Given the current mechanical problems with the Avalon, massive worldwide recalls and our tester's quality shortcomings, the question must be raised: is Toyota cutting too many corners? For over a decade the Camry LE consistently provided the American consumer the four-wheeled equivalent of the FDIC. Now that a Ford Fusion SE offers tighter panel gaps, unique style, strong V6 power and uber accident-avoidance adhesion for the same 24-large; now that Hyundai’s in the hunt, Toyota's breadwinner may no longer have a "lock" on the high quality, high value sedan market.

[Toyota provided the vehicle reviewed, insurance, taxes and a tank of gas.]

Sajeev Mehta
Sajeev Mehta

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  • Chuck D Chuck D on Jan 11, 2007

    Drove Saabs and Volvos long before they became yuppy badges. Autocrossed them too. Now have three Camrys one with 15x7 Borbets, strut tower bar, kraut shocks, and a brake upgrade.. sends BMW boys back to dealerman for tuneups. OK the Gen 4 V6 IS a rare 5 speed, but it is fast, trouble free and flys under the radar. Oil gel??? Toyota has been fixing cars with 25,000 miles on them and the FACTORY installed oil filter, usnally the minivan. You know the drill, it is "unmanly" to even CHECK the oil in the wife's car. It has often been said by people who know as opposed to those who bloviate that the Gen 3 Camry was about as well built as one could ask for back then. We have one and I agree.

  • Romanjetfighter Romanjetfighter on May 25, 2008

    I just got a 2009 Camry LE yesterday. I bought it without test-driving it or even looking inside of it because I was just too excited to get my first car (I passed my driving test less than 24 hours before) and it's a Camry so you can't go wrong, right? -The steering wheel is a bit too skinny and feels hard, compared to my mom's 1996 Camry. -The steering feel is non-existant and it's super light. Upside - easy to maneuver. -The seats fabric is nice and grippy. -The turn stalk/window controls don't move with buttery consistancy. -The doors, imho, DO thunk with reassurance, and it doesn't feel cheap. Not as solid and vaulty like my friend's 2007 C230, but that's 10k more. -Misaligned plastic dash. -I like the combination of projector and reflective lamps in the headlights. -Turn radius is nice. Overall, I think it's a good car, but they could've done a better job. Thank god for good resale value! I'm unloading this fucker once I graduate college! Don't understand why LE is 1k more for just keyless entry and one power seat, though.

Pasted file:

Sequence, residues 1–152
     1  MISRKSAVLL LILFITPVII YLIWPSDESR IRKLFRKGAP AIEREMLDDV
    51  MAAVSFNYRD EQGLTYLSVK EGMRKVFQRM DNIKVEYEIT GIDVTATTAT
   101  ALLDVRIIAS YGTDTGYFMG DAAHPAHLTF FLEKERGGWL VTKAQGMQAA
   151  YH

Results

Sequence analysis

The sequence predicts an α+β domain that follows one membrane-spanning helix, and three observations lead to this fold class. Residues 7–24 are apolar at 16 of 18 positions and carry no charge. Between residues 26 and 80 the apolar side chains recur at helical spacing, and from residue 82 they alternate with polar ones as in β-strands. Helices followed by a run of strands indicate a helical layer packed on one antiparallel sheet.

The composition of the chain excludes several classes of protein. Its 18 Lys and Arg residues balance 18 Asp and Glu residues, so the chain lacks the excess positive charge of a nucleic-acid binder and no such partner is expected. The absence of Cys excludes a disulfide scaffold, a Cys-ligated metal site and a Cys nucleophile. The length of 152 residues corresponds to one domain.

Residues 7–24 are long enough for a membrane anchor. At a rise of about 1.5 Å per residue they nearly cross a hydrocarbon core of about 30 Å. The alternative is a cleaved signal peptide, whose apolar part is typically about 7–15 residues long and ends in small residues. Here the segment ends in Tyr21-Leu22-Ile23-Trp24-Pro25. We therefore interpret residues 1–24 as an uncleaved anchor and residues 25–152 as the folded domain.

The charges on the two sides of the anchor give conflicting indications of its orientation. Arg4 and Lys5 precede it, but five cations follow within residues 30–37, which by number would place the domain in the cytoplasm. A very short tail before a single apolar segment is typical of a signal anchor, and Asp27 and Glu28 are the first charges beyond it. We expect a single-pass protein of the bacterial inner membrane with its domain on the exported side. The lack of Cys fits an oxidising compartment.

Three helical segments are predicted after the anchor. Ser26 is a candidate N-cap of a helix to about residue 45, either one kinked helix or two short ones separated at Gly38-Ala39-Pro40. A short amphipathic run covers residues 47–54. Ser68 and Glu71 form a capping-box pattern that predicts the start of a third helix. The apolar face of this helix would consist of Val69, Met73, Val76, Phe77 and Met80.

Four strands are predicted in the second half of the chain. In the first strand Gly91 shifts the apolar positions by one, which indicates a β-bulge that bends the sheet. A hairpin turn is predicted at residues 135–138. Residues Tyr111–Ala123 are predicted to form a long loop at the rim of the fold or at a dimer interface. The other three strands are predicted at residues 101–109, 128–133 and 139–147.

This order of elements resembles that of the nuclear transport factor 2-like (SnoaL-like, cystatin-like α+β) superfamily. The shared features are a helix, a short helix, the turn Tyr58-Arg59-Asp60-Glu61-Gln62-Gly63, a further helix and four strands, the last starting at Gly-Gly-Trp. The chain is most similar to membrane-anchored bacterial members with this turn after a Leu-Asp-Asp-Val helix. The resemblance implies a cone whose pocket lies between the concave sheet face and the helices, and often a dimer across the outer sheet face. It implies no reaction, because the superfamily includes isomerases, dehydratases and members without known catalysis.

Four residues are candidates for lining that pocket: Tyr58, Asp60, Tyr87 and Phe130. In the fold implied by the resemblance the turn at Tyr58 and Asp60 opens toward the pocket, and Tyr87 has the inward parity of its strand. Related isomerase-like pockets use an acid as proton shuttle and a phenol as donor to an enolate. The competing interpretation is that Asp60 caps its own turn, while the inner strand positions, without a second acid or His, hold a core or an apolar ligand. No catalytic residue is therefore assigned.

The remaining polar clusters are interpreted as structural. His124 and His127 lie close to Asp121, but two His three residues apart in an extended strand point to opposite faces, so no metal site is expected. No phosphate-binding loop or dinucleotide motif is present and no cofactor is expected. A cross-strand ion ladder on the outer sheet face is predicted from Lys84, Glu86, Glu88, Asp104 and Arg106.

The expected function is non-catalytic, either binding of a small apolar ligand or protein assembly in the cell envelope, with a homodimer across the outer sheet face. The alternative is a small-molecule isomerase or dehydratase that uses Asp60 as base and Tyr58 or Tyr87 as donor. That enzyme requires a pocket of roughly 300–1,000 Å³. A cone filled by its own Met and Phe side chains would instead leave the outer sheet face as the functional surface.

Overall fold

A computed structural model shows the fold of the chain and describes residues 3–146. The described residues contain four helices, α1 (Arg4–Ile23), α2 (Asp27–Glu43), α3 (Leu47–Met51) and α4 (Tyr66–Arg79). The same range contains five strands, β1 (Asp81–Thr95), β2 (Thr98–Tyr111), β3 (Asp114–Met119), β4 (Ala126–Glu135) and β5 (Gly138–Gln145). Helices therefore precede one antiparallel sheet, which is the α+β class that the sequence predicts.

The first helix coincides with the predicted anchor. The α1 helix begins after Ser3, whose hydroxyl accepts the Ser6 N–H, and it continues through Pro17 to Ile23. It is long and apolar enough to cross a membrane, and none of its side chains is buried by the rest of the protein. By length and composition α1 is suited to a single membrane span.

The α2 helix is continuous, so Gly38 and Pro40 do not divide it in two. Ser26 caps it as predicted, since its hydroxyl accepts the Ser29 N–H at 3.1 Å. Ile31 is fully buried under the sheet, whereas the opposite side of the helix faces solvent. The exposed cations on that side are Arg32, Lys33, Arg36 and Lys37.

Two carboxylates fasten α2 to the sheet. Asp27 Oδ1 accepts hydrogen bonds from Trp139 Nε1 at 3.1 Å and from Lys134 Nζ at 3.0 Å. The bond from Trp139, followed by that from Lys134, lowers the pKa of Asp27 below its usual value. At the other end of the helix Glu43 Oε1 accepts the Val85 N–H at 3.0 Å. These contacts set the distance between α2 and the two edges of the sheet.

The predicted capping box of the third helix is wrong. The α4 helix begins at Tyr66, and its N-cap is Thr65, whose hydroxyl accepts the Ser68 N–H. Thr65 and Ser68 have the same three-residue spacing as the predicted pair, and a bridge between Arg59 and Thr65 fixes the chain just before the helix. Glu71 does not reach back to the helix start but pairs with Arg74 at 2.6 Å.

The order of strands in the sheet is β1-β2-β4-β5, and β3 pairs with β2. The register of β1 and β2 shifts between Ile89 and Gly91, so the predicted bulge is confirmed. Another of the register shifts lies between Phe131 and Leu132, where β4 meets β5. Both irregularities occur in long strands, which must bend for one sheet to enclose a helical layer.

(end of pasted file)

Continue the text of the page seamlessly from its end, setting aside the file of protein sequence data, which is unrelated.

• 3-On-The-Tree Lou_BCsame here I grew up on 2-stroke dirt bikes had a 1985 Yamaha IT200 2-strokes then a 1977 Suzuki GT750 2-stroke 750 streetike fast forward to 2002 as a young flight school Lieutenant I bought a 2002 suzuki Hayabusa 1300 up in Huntsville Alabama. Still have that bike.
  • Milton Rented one for about a month. Very solid EV. Not as fun as my Polestar, but for a go to family car, solid. Practical EV ownership is only made possible with a home charger.
  • J Love mine, but the steering wheel blocks dashboard a bit, can't see turn signals nor headlights icons. They could use the upper corners of the screen for the turn signals. Mileage is much lower than shown too, disappointing
  • Aja8888 NO!
  • OrpheusSail I once did. My first four cars were American made, and through an odd set of circumstances surrounding a divorce, I wound up with a '95 Nissan Maxima which was fourteen years old and had about 150,000 miles on it.It was drove better, had an amazing engine, and was more reliable than any of my American cars. This included a new '95 GMC pickup that went through five alternators in under two years while the dealership insisted that there was no underlying electrical problem while they tried to run the clock on the warranty.That was the end of 'buy American'. I've bought from Honda and VW since, and I'll consider just about anything except American now.